Tag Archive for: female founders

It’s a great time for hard tech female founders!

There have been many women-led businesses who became “unicorns” in the past few months, namely GlossierRent the Runway and now Away.

Great news for female founders! But did you know that the newer, lesser-known female founders in areas outside of beauty, fashion, e-commerce, etc. are also on the rise?

I have been a venture investor for the past 9 years and an entrepreneur before that. I have invested in the areas outlined in my book – Blockchain, AI, VR/AR, and Robotics. I was inspired to write the book after speaking to a large Blockchain focused fund in December. When I asked how many female founders were in their portfolio he asked me if they even existed in these fields. At that moment, I thought it was my moral imperative to show him what he was missing. Of course they do! They just didn’t know how to find each other. So I decided to write “WTF Is Happening? Women Tech Founders on the Rise” to showcase a dozen female founders in these areas and make the business case for investing in them.

The data is overwhelming. Female founders still only receive 2% of venture funding while building companies at a higher rate and then outperforming. As an investor, this represents an alpha-generating opportunity and I wanted more investors to be aware of it. Everyone wants to make money! Women need more capital to build businesses that build future technology. We cannot have new technology that only reflects half the population’s input.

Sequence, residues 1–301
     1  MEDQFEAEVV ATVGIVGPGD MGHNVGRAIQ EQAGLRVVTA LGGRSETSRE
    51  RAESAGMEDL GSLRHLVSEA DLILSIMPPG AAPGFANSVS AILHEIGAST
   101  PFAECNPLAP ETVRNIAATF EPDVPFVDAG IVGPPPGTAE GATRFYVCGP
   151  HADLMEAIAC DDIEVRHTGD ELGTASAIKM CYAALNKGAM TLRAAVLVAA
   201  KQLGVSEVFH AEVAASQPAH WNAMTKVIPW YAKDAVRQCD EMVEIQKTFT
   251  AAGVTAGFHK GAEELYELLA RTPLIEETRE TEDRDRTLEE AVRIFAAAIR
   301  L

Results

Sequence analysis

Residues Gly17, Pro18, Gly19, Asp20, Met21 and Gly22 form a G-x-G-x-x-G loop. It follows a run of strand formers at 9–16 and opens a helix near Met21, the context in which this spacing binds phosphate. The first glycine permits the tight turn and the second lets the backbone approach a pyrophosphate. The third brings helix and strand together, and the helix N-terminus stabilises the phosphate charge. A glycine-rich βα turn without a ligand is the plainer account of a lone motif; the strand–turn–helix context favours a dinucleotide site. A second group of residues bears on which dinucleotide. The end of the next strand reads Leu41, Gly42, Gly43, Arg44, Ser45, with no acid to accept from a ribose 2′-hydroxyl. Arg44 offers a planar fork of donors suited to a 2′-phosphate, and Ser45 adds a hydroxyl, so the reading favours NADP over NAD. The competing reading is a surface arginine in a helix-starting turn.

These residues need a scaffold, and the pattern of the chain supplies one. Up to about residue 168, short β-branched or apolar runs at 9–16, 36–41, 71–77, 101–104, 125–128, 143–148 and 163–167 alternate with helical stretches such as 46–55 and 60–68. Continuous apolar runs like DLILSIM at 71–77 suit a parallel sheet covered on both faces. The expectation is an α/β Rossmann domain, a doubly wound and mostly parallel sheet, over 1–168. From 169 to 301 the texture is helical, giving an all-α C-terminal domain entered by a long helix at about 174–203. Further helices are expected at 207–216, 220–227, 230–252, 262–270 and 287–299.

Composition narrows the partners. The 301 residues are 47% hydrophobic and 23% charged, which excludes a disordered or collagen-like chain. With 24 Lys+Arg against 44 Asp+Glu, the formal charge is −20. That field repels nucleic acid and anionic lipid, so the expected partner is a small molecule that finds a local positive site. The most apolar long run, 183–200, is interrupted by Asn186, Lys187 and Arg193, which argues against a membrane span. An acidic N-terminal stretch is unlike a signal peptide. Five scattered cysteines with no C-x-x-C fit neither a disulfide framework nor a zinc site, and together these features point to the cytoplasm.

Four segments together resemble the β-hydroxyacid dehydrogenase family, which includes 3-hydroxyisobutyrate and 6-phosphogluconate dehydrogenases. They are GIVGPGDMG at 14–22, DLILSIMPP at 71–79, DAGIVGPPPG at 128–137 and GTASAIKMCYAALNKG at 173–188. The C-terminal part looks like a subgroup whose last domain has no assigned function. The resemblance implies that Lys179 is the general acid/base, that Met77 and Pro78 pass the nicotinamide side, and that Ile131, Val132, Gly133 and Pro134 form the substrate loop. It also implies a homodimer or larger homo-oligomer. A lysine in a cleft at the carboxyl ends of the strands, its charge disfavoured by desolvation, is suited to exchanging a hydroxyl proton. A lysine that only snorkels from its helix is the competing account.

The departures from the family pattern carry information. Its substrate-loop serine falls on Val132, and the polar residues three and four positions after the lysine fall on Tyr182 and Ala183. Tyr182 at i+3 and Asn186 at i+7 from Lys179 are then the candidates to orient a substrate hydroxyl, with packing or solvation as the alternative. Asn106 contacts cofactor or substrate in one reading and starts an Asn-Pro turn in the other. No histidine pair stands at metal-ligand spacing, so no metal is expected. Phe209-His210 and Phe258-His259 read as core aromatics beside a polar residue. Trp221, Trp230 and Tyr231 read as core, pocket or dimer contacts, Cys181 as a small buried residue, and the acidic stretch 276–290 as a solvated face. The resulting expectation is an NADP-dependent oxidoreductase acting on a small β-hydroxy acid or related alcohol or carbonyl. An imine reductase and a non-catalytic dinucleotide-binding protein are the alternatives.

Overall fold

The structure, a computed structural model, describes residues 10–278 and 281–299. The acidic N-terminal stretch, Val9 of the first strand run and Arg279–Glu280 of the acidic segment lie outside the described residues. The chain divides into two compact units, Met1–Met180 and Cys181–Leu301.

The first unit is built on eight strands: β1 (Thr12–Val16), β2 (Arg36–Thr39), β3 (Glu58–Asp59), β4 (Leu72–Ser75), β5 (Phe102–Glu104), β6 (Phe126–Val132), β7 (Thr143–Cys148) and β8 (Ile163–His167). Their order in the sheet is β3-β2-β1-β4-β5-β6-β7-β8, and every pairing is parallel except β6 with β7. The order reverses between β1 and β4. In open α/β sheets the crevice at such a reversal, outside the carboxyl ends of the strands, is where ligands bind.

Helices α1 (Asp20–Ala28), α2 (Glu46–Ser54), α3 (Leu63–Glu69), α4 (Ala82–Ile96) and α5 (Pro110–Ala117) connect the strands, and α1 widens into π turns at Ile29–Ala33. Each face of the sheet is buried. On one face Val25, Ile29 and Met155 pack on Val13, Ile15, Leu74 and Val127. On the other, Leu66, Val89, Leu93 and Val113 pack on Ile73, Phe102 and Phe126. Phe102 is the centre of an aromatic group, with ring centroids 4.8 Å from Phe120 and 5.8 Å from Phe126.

Also, showcasing these 13 women is just a start for getting more women and girls to join. Most of the media coverage on female founders is around fashion, e-commerce, and beauty — not around these technologies because they are newer and not yet “unicorns”. It is exactly because they are newer that there is opportunity for parity and breaking patterns from traditional tech and finance industries.

“We cannot have new technology that only reflects half the population’s input.”

One of the biggest takeaways from writing the book and interviewing a dozen of accomplished female founders in these emerging markets is that you do not need a STEM degree to succeed. Entrepreneurship in frontier technologies can take many forms and backgrounds. Even so, STEM is marketed poorly to young women — it should not be seen as a scary territory, but rather a field of opportunities to envision, design and innovate.


Article first appeared July 15, 2019 on Swaay.com.


Fortune recently ran an interesting assessment of VC deals by gender and if you’re a glass-half-full person then you’ll be happy to learn that all-women founding teams received $1.9 billion in investment in 2017, which was up from $1.4 billion in 2016.

Putting that sliver of hope off to the side, unfortunately the bad news far outweighs the positive as that $1.9 billion is a paltry 2.2% of the total pot of VC investment. To show the entire picture, all-male teams accounted for 79% of the total pie while mixed-gender groups and those that PitchBook, who contributed the data, were unable to classify, made up the remaining 19%.